Frequently Asked Questions

Do you only do concrete?

No, we are a turn-key company. We can get you to a frame point with just one phone call. We do footings, block, brick, sand fill, and slab. We also do demolitions, clearing, and hauling.

Do you do residential driveways?

Yes, in fact, we offer regular broom finish, colored broom finish, exposed aggregate, stamped concrete, and concrete pavers.

Do you offer any type of warranty?

Yes, one year on workmanship. We have our own warranty department in-house and answer all work orders within a couple days.

Do I need a concrete contractor?

Most likely. Placing and finishing concrete requires knowledge about concrete and the fundamentals of good concreting practices well beyond the capabilities of most do-it-yourselfers. Site excavation, sub grade preparation, and building and setting concrete forms are difficult tasks. Concrete is heavy - about 150 pounds per cubic foot - and difficult to place, consolidate, strike off, level, and finish. Timing of many finishing operations is crucial and best learned through experience and knowing what allowances to make for weather conditions is equally challenging.

How long must my concrete driveway cure before I can drive on it?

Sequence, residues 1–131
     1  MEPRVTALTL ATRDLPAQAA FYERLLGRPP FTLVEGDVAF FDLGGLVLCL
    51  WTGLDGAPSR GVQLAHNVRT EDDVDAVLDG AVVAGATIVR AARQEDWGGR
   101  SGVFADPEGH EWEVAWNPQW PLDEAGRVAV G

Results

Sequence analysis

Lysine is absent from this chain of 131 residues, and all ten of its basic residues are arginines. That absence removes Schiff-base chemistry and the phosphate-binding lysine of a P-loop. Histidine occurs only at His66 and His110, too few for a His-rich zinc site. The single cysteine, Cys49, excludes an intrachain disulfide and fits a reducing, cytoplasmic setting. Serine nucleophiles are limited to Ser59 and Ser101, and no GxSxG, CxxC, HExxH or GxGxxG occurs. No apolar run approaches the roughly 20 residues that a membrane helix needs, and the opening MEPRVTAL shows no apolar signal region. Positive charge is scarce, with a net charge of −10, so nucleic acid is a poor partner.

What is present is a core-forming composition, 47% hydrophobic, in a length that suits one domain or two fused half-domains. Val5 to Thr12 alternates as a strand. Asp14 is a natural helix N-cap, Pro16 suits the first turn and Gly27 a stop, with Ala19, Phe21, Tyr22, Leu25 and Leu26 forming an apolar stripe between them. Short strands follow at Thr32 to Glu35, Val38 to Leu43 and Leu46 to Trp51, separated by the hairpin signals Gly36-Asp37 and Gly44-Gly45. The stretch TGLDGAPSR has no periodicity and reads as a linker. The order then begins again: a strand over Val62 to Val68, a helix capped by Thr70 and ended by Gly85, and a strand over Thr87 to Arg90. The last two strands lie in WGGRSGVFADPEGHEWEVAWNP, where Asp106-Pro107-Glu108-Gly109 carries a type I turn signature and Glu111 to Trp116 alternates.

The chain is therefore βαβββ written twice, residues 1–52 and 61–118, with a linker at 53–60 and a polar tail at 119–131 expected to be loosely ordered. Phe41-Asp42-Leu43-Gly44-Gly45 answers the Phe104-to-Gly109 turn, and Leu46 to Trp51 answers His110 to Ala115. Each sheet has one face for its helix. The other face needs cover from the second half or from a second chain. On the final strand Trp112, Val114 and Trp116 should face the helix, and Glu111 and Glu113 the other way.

The American Concrete Institute and the American Concrete Pavement Association recommend a minimum of seven days following concrete placement before using a concrete driveway.

Can it be too hot or too cold to place new concrete?

Temperature extremes make it difficult to properly cure concrete. On hot days, too much water is lost by evaporation from newly placed concrete. If the temperature drops too close to freezing, hydration slows to nearly a standstill. Under these conditions, concrete ceases to gain strength and other desirable properties. In general, the temperature of new concrete should not be allowed to fall below 50 Fahrenheit (10 Celsius) during the curing period.

Why does concrete crack?

Concrete, like all other materials, will slightly change in volume when it dries out. In typical concrete, this change amounts to about 500 millionths. Translated into dimensions, this is about 1/16th of an inch in 10 feet (.4 cm in 3 meters). The reason contractors put joints in concrete pavements and floors is to allow the concrete to crack in a neat, straight line at the joint when the volume of the concrete changes due to shrinkage.

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What our clients say:

"Jeff Tourault has created a team of professional finishers who are known throughout the area for quality work and service. During the past 23 years, I have seen him build a superior reputation in the concrete industry."

Elizabeth Twohy - President, Capital Concrete
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